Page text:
We don’t know that for sure and we don’t know if you can necessarily shorten the refractory period of the clitoris itself. What we can do is what Kenneth Play calls “orgasm circuit training” which focuses on other types of stimulation and rotates through them. After you’ve come from external clitoral stimulation once, leave the external clit alone for a while and focus on internal vaginal stimulation, anal stimulation, nipple stimulation, cervical stimulation or whatever else you like, and then rotate!
Q: Do female partners orgasm more easily as they enter their late 30s and beyond?
Yep, that happens to a lot of women. We grow up with so much repression and suppression of our sexuality that we often don’t even discover our bodies or what feels good until much later in life when we finally start shedding those restraints.
Q: I can’t orgasm properly in front of my girlfriend when she gives me a handjob, but alone it’s fine.
Usually, this is either because she’s not providing the exact kind of manual stimulation that you need to orgasm or it’s a psychological issue: you don’t feel comfortable, there’s anxiety about doing that with her or something else that is hindering the experience. I would reccomend seeing a sex therapist, and they should be able to help you figure out what’s going on.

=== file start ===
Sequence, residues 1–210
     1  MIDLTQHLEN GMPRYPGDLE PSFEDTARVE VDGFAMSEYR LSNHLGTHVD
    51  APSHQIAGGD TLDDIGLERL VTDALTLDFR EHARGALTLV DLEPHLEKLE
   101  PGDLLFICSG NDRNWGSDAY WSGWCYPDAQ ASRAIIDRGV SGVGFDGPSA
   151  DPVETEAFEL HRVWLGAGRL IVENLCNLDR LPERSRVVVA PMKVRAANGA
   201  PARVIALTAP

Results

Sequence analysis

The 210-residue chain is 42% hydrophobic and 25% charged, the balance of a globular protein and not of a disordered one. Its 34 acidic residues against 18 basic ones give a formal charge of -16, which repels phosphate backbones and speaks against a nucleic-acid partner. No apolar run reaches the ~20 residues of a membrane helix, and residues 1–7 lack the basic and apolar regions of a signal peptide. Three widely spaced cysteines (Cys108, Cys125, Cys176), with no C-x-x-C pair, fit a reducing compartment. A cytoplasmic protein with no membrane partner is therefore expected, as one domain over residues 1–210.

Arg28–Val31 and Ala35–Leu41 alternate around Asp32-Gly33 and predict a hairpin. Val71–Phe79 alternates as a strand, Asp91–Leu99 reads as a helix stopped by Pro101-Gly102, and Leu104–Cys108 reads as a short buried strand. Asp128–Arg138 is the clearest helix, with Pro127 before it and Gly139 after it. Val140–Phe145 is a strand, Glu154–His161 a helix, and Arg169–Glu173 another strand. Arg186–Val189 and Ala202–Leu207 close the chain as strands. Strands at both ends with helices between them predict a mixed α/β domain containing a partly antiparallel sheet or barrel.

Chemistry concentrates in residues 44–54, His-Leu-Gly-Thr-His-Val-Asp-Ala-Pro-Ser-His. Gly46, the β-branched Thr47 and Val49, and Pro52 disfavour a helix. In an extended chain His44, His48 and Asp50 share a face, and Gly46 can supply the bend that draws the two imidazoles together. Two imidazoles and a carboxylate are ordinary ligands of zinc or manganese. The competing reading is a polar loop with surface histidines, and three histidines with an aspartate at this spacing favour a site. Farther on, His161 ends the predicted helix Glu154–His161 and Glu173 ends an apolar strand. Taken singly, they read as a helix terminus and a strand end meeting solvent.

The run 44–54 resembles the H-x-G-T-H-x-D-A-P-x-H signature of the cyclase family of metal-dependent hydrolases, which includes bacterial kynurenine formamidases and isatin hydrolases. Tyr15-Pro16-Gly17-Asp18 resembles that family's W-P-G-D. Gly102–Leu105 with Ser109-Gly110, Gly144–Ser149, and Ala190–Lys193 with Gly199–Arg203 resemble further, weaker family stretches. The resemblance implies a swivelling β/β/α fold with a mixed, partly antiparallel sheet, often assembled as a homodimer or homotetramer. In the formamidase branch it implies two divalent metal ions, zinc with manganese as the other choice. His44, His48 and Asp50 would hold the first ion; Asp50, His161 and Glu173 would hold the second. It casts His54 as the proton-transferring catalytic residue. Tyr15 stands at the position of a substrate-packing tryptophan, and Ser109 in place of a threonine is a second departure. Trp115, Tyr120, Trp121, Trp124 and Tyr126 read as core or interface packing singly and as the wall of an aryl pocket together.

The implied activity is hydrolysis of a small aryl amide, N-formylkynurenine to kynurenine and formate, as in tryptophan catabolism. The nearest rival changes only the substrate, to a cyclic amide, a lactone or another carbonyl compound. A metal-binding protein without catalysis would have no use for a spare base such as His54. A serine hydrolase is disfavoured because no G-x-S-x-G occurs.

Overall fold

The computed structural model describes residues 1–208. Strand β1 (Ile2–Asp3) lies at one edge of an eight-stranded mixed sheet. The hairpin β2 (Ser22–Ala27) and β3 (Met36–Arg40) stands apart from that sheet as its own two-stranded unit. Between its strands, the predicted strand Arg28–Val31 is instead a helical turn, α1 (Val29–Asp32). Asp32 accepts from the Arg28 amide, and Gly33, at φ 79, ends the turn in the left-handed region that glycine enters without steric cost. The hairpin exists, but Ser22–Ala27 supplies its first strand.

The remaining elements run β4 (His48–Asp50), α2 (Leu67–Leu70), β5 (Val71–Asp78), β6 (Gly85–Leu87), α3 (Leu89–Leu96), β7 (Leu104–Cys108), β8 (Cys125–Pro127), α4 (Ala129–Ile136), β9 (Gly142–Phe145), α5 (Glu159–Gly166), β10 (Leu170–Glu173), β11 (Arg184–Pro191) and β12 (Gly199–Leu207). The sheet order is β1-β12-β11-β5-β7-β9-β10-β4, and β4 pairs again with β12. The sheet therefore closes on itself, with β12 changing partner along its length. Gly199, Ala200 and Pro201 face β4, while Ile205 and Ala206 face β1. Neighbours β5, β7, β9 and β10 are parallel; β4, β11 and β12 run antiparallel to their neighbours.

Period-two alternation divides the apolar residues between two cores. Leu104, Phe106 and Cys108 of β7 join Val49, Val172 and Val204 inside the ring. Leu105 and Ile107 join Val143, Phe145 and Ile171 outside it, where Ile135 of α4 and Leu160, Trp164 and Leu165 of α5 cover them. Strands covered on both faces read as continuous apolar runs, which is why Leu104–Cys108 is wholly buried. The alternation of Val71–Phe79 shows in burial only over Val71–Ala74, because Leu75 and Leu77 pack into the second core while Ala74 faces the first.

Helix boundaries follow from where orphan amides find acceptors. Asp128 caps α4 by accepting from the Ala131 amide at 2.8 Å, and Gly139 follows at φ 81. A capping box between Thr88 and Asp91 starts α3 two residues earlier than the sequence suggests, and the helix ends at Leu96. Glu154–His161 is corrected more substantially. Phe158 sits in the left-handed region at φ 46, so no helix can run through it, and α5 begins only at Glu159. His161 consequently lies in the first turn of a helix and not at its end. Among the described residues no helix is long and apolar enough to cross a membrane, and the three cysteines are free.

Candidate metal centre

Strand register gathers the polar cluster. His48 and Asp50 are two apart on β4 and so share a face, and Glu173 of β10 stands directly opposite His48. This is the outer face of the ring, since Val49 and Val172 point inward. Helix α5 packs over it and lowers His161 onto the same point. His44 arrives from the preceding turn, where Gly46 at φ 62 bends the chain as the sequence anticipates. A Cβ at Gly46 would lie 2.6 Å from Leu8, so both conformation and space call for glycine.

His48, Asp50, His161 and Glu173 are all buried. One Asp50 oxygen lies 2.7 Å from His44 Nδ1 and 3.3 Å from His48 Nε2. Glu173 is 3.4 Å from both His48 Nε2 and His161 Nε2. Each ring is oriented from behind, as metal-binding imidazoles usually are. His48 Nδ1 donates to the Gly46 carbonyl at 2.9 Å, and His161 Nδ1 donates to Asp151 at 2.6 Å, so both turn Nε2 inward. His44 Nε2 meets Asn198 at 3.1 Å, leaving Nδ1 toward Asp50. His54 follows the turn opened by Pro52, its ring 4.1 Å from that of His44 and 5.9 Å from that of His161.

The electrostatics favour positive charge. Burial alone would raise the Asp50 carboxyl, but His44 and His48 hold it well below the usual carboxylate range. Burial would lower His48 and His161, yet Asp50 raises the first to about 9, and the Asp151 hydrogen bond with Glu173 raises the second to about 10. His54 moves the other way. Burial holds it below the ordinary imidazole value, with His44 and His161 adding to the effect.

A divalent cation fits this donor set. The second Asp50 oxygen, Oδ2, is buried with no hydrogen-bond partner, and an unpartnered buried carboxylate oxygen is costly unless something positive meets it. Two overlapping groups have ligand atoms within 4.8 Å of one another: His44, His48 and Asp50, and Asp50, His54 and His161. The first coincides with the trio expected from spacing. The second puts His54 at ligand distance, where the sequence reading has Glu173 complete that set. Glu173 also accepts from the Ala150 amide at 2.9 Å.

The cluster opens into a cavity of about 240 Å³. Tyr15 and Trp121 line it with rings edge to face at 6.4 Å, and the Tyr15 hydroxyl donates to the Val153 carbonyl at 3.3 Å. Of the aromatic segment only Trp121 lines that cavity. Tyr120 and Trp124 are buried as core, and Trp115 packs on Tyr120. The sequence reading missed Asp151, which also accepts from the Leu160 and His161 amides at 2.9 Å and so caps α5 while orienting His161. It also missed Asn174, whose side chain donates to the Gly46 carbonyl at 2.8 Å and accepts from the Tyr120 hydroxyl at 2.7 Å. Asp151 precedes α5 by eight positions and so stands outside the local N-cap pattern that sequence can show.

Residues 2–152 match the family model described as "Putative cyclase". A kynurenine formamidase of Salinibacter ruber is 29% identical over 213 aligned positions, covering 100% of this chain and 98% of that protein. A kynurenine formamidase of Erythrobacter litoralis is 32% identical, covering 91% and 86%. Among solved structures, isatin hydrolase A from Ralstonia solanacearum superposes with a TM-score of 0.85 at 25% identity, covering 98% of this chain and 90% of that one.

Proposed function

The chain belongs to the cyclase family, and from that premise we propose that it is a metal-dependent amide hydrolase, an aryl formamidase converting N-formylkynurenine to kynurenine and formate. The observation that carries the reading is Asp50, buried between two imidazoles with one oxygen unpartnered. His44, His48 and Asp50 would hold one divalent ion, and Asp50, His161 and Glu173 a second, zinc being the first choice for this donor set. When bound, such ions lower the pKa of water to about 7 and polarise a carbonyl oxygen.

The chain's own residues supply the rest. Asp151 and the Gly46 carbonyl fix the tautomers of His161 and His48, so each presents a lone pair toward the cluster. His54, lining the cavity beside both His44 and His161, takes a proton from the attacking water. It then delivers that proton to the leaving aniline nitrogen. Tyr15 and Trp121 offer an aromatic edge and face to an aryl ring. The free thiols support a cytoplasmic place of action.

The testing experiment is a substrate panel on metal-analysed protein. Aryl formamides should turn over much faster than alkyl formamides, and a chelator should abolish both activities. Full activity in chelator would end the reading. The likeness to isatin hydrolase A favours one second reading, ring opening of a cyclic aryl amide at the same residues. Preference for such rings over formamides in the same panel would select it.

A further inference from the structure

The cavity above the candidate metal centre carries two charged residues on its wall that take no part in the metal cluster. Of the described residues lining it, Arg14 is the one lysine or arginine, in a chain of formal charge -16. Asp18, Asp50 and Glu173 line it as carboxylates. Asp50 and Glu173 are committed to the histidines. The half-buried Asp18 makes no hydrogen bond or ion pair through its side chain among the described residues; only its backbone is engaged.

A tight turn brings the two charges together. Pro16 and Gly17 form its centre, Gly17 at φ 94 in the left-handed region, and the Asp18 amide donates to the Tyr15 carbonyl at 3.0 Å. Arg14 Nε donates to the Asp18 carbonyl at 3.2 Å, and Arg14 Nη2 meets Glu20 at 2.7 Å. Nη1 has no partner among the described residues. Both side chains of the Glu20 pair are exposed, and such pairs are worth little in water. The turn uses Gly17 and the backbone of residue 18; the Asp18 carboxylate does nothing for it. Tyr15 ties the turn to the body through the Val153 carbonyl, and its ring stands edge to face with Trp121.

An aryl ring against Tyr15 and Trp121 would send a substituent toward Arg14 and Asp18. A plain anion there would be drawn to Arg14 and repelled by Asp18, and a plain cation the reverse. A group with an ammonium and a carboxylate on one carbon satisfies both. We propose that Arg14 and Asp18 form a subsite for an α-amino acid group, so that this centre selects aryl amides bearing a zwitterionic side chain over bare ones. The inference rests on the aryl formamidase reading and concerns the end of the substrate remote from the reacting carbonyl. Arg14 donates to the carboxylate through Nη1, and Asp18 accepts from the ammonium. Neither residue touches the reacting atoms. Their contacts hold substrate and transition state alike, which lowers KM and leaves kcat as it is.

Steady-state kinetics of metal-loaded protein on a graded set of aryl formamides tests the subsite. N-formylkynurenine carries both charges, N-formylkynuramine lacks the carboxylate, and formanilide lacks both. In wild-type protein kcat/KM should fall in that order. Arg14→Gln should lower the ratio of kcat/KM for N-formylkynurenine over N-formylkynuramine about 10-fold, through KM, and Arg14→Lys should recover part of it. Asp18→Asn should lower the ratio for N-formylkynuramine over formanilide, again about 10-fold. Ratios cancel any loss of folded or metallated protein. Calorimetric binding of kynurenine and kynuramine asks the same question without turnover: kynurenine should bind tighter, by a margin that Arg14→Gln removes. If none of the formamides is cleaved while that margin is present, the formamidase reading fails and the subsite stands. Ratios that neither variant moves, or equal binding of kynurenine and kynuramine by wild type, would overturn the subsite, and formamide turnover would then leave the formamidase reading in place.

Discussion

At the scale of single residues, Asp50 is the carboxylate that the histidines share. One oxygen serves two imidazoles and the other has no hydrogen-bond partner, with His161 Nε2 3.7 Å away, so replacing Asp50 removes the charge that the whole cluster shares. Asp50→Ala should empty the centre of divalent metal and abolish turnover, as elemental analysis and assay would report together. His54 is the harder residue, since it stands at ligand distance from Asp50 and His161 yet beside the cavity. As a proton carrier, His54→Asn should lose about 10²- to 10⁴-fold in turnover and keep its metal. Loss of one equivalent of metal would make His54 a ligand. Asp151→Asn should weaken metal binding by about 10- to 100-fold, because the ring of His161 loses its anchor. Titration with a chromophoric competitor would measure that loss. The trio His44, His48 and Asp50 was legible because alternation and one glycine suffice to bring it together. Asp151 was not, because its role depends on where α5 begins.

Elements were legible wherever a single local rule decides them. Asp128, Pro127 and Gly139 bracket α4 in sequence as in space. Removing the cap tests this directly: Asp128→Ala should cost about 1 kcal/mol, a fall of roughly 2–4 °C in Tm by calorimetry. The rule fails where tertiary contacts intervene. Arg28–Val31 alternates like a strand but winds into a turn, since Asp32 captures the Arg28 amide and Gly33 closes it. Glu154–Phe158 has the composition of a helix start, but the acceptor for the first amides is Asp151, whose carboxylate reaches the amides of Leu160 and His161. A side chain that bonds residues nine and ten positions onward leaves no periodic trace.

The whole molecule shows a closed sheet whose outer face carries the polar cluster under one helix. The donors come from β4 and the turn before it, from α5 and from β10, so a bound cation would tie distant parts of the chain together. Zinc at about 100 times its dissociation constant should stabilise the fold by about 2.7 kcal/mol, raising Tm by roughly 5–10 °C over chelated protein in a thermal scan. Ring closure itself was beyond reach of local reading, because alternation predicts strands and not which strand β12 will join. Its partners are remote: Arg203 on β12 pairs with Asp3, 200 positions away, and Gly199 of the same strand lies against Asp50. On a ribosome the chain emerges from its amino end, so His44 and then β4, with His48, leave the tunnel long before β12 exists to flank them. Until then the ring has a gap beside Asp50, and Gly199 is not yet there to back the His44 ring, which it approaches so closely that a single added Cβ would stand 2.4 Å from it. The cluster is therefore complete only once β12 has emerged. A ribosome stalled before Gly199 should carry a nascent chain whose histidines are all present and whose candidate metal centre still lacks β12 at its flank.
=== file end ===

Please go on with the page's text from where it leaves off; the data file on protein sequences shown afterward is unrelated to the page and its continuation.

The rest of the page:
Q: Can you “lose the magic” by orgasming too much? Maybe orgasming too much changes your brain’s reward system or something?
No, you’re not going to rewire your brain or desensitize your nerve endings, which is something that people often worry about. None of that happens simply from too much sex or too many orgasms.
Q: I don’t really like having orgasms because I get bored. I’ve lost my interest in sex. Is that normal?
If you’re always having orgasms the same way, in the same context and with the same type of stimulation, you can get bored. In this case, you do “lose the magic” because the repetition causes habituation to the experience. Habituation is a phenomenon where you essentially stop noticing or responding to stimuli when they become too repetitive.
To make matters even worse, perhaps the orgasms you are having and the context you are having them in are not particularly arousing or good to begin with, which would further strengthen and speed up the habituation.
It’s similar to, say, food. You’re never gonna get bored with eating good and varied food, but you certainly can get bored with eating the same dish over and over and over and over again. Even if it is amazing, you’ll get bored with it, especially if it’s mediocre in the first place. I would suggest trying something different and high-quality!
Donna is a Volonté contributor and freelancer who lives in San Francisco with her understanding husband and not-so-understanding teenage sons. Her work has been published in The Journal of Sexology and she is currently writing a book on love languages.